"TrueSpectra Photo-Graphics" was the full name of the program.

I used it for years under OS/2, which was it's native platform. The interface 
was ahead of its time in some ways , and ahead of its users at times, but it 
used a very Gimp-like right click pop up menu for many functions. 

One of the things that made it special was its ability to seamlessly mix 
raster and vector graphics. The resolution of the output was set as a 
property of the output, not the project. While working on a project, the 
screen view was, in TrueSpectra's words, "resolution independent". This gave 
it features like drag and drop resizing of bitmaps and text, essentially 
infinite zoom, and the ability to change the output resolution and size at 
will without mucking up the project files.

It also used layers, not only for elements, but also for filters. I could 
define an elliptical blur filter, for example, and it would automatically be 
assigned its own layer. Anything above it didn't get blurred, everything 
below it did. Then if I decided later to adjust the blur parameters or the 
size of the ellipse, I could do that, no problem. The down side to this is 
that screen renders started to take a while for complex projects. The upside 
is that just like any layered image format, the layers remain independently 
adjustable in the native file format. TSPG also only linked to the source 
bitmaps for a project, so the native files were very small. Of course that 
meant that you wanted to leave your image files where they were, because 
moving them would hide them from TSPG and break your project.

But back to the separation of drawing from rendering. Say for example that I 
was doing a label for a wine bottle. Next year, I'll want the same thing with  
as little as one digit in the date changed. TSPG would let me edit the source 
text object directly. I would only need to change the one character which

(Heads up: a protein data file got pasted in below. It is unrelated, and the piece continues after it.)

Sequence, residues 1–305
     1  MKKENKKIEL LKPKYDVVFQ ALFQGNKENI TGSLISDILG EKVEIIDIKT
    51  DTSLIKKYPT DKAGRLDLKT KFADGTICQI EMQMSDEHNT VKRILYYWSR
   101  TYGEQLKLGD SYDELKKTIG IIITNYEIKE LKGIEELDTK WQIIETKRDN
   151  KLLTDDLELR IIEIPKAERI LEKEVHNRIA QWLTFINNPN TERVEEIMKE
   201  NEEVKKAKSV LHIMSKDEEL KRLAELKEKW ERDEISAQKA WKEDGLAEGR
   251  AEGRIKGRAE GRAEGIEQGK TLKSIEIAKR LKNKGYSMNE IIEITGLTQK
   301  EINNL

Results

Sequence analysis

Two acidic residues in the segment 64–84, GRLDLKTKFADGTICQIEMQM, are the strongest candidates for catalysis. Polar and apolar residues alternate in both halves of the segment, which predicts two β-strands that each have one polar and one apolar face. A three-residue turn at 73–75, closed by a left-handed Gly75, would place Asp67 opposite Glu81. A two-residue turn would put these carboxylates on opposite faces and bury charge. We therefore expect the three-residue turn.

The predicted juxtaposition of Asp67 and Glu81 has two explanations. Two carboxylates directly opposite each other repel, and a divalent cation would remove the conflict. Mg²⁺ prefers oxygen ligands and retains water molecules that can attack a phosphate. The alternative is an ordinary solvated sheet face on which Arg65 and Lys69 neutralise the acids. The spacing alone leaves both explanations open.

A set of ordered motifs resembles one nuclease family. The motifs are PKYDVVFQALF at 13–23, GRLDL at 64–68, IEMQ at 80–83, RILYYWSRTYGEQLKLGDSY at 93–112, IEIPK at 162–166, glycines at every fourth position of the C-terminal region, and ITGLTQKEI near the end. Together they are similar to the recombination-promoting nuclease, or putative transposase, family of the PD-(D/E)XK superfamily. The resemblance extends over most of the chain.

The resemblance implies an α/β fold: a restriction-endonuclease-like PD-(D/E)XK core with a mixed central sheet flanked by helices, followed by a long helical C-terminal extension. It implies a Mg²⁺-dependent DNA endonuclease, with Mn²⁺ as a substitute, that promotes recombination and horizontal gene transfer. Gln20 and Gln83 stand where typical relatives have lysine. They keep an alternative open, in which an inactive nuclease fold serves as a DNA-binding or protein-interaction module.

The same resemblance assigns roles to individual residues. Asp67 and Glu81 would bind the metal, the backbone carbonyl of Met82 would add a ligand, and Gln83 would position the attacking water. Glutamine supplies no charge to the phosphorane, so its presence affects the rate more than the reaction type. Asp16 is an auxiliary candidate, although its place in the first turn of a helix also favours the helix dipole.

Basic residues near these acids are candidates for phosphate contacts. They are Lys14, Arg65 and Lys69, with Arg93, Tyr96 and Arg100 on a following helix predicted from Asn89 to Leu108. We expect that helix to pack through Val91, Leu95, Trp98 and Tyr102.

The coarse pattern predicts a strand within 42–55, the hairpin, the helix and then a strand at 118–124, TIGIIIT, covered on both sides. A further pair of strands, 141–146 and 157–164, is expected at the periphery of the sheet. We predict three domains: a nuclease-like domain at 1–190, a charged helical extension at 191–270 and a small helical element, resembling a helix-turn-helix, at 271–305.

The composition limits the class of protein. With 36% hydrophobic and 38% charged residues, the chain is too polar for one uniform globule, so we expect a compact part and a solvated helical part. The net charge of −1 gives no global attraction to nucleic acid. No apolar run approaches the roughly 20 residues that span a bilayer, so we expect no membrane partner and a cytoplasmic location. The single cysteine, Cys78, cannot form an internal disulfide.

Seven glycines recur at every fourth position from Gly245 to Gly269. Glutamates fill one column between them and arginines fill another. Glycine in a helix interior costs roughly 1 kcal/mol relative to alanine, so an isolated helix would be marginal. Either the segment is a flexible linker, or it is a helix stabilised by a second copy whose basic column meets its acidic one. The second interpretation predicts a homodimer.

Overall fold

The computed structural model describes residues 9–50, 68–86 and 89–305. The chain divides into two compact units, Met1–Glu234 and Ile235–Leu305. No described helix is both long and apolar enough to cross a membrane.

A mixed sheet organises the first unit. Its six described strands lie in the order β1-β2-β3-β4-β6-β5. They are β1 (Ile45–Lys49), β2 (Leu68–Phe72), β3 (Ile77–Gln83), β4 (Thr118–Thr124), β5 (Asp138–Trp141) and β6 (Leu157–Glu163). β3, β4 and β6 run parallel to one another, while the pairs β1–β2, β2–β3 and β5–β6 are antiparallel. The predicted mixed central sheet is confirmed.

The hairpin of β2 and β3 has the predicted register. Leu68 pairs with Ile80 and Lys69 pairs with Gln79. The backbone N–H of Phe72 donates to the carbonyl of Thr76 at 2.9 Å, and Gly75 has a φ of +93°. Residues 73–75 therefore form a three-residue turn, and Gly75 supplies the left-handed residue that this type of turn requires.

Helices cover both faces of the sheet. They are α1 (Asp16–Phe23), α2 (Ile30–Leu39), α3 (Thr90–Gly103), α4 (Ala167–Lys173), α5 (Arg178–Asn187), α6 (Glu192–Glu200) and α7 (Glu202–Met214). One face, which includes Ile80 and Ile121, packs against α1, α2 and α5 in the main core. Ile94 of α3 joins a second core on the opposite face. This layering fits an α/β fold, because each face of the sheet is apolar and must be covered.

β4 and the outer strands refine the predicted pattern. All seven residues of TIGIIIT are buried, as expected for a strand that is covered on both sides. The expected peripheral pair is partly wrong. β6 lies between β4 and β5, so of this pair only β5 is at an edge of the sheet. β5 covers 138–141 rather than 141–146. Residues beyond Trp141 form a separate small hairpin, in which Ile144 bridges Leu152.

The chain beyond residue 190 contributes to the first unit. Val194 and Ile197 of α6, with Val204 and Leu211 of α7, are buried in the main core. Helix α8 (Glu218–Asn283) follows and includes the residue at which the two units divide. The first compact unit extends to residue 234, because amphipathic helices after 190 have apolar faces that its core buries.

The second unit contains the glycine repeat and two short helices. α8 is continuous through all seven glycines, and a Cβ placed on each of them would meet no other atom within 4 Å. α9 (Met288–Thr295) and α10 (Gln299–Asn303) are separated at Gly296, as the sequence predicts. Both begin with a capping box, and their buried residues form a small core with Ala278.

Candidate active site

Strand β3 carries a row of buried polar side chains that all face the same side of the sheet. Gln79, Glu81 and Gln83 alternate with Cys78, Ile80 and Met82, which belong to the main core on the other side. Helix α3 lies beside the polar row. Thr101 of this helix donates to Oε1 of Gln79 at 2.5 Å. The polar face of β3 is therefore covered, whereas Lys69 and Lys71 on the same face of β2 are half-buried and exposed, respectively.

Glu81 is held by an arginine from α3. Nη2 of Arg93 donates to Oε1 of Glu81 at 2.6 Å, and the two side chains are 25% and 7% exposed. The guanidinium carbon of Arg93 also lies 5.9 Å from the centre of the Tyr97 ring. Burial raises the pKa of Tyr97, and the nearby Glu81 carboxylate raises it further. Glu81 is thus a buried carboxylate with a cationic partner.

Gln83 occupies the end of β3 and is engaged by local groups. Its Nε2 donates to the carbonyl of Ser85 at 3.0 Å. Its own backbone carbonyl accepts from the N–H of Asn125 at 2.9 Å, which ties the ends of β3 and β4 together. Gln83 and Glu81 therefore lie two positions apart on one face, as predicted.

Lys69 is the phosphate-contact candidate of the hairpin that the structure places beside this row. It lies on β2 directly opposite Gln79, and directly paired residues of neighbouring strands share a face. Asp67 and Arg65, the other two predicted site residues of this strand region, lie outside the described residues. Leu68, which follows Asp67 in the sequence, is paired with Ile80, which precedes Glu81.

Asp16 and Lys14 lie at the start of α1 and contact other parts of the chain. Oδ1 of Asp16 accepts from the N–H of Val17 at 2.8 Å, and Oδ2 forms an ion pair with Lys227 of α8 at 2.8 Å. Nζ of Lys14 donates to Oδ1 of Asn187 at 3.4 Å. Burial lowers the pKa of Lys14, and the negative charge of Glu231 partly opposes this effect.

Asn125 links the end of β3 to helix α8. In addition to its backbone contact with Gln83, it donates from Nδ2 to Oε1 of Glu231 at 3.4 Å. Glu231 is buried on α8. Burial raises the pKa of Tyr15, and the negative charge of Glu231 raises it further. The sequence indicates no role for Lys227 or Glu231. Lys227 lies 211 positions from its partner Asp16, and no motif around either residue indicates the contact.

needed to be changed. Any effects which were applied, from the font on up, 
(and if you were clever with it this could even include tough stuff like 
colored drop shadows), would all be automatically changed when the source 
text object was changed. Then if my printer had got better in the last year I 
could arbitrarily increase the rendered output resolution to match it, and 
the output would be rendered with the best possible quality.

What killed TSPG commercially was the unorthodox interface. There are some 
parts of it that are still a mystery to me.

I keep hearing rumors about SVG, and I think that a program that could 
simultaneously handle SVG and raster sources would be just about what I had 
with TSPG under OS/2 in 1996.

I'm just throwing this out for discussion. TSPG could do things that the Gimp 
can't. (To be fair, the same can be said vice versa.) I don't mean to single 
out the Gimp, I haven't seen anything else that can match some of the 
features. There may be some, but if there are, I haven't seen them. That's 
all I'm saying. I am not a Graphics Professional, and I quit using Windows in 

What's the state of the art in mixed raster/vector graphics these days?
Is the Gimp development moving in this direction?

-Carl Brown

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